- Congratulations to Dr Matt Hill for securing a prestigious CIB post-doc scholarship to re-focus his research more on invasions and insects!

- and last but not least, we have had a lab member get married: Well done Ruben!

Older lab news

The physiological ecology lab’s focus and my research interests:

My personal research interests span a range of environmental and evolutionary physiology topics. Recently, my research has focused on understanding the factors affecting climatic stress resistance in insects and the potential implications for climate change. A large amount of this work has been undertaken on tsetse flies (Diptera, Glossinidae) as a model for vectors of disease in Africa while I was based at the Centre for Invasion Biology. The type of questions that we tackled included: How do animals adjust their tolerance to a particular situation within remarkably short time spans? Does an animal’s tolerance to environmental extremes make a difference to their geographic distribution and survival in the long term? I continue to work on similar questions across a range of organisms of either agricultural, evolutionary or health importance. If these sorts of questions interest you, then read on!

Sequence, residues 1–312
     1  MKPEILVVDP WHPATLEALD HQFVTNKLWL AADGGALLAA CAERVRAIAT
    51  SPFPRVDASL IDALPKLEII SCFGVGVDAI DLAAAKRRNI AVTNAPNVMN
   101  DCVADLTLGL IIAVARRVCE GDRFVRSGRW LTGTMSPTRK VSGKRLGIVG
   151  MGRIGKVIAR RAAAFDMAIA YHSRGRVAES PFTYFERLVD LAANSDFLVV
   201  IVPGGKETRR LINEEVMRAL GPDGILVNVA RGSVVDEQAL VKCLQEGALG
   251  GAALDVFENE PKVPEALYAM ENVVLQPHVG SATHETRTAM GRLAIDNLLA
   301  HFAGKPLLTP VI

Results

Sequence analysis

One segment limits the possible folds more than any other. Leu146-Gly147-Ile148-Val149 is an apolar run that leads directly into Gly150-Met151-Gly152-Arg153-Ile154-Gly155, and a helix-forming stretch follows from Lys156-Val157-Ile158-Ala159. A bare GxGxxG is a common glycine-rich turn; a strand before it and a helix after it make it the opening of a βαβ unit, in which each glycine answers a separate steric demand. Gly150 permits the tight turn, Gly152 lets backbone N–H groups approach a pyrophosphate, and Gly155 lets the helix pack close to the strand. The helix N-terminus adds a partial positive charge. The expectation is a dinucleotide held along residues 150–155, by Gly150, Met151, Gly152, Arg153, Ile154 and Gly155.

The evolution of different gas exchange patterns in insects as a form of environmental adaptation has also captured my attention. One such noteworthy pattern is discontinuous gas exchange (DGE). It has been argued that modulating spiracle opening during DGE can save respiratory water although this idea is contentious for several reasons, e.g. animals abandon DGE under conditions when it should be most useful. A host of potential explanations for DGE exist and we are actively involved in pursuing these from experimental and comparative physiology perspectives. Understanding gas exchange also has significant applications to other research fields (e.g. modified atmosphere treatments for post-harvest pest control).